Brown Bread Diet

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Brown whole grain bread is a nutritious staple in any diet because of the health benefits it has. According to the American Council on Exercise, whole grain breads contain a variety of vitamins and minerals essential for proper body function and healthy weight maintenance. Brown breads should be labeled "whole grain" to ensure that they have the most nutritional value.

A loaf of brown bread.
Image Credit: Tuned_In/iStock/Getty Images

Nutrients

Brown breads that are labeled "whole grain" contain a large amount of nutrients. One of the most important features of brown bread is the fiber content. Brown bread also contains most B vitamins -- including riboflavin, thiamine and niacin -- which help the body acquire energy from food. Brown whole grain breads also contain folate, pantothenic acid and vitamins E and K.

Benefits

Adding brown bread to your diet has many benefits. The fiber contained in brown bread keeps your bowel movements regular and stools soft, according to MayoClinic.com. Fiber also helps lower LDL, or bad cholesterol, helps you maintain a healthy weight and helps keep your blood sugar steady.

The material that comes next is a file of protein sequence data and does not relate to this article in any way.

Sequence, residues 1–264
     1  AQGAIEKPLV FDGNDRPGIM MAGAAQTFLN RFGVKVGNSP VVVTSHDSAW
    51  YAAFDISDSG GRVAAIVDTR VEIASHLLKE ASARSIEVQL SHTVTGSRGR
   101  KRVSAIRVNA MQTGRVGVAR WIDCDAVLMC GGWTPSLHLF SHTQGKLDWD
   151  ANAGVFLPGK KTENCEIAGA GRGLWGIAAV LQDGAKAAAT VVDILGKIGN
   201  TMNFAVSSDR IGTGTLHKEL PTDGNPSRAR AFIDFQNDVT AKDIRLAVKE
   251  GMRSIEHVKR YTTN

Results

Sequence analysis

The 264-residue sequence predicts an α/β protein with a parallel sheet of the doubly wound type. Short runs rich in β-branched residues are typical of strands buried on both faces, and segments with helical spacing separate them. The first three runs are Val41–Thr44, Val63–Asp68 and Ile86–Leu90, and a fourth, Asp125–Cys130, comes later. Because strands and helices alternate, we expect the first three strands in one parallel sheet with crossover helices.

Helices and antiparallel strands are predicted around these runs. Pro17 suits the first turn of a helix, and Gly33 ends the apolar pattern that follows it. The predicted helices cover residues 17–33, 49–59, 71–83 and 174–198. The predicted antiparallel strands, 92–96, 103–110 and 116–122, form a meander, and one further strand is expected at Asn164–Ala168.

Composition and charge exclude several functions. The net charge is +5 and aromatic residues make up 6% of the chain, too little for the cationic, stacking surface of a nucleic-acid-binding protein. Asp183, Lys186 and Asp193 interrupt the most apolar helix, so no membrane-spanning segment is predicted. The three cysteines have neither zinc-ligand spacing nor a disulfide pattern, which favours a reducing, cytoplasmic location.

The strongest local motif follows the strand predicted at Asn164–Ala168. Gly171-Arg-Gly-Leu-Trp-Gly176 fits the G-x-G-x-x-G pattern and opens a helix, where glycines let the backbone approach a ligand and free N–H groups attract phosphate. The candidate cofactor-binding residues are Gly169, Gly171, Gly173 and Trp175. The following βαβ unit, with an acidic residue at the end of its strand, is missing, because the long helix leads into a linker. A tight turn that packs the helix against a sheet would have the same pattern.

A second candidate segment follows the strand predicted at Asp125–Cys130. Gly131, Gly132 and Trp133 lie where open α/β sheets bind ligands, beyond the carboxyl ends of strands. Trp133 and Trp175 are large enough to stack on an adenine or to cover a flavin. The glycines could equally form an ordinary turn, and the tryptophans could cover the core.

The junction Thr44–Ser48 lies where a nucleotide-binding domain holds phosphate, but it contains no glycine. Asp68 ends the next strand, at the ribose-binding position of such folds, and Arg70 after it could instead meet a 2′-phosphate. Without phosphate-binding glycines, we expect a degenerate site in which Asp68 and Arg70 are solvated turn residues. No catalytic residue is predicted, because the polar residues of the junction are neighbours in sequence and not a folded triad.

Variety

Another benefit to making brown bread a big part of your diet is the fact that it can be prepared and eaten in a variety of ways. You can use it for making sandwiches at lunchtime or toast at breakfast, or spread low-fat cottage cheese on it as a snack. Brown bread can also be eaten anytime throughout the day, without any preparation at all.

Amount

According to MayoClinic.com, 45 to 65 percent of your daily calories should come from carbohydrates. On a 2,000-calorie diet, then, roughly 900 to 1,300 calories should come from carbohydrates. One slice of brown bread contains around 15 to 20 g of carbohydrates, making it a healthy way to get high-quality nutrition and to meet your daily carbohydrate requirements.

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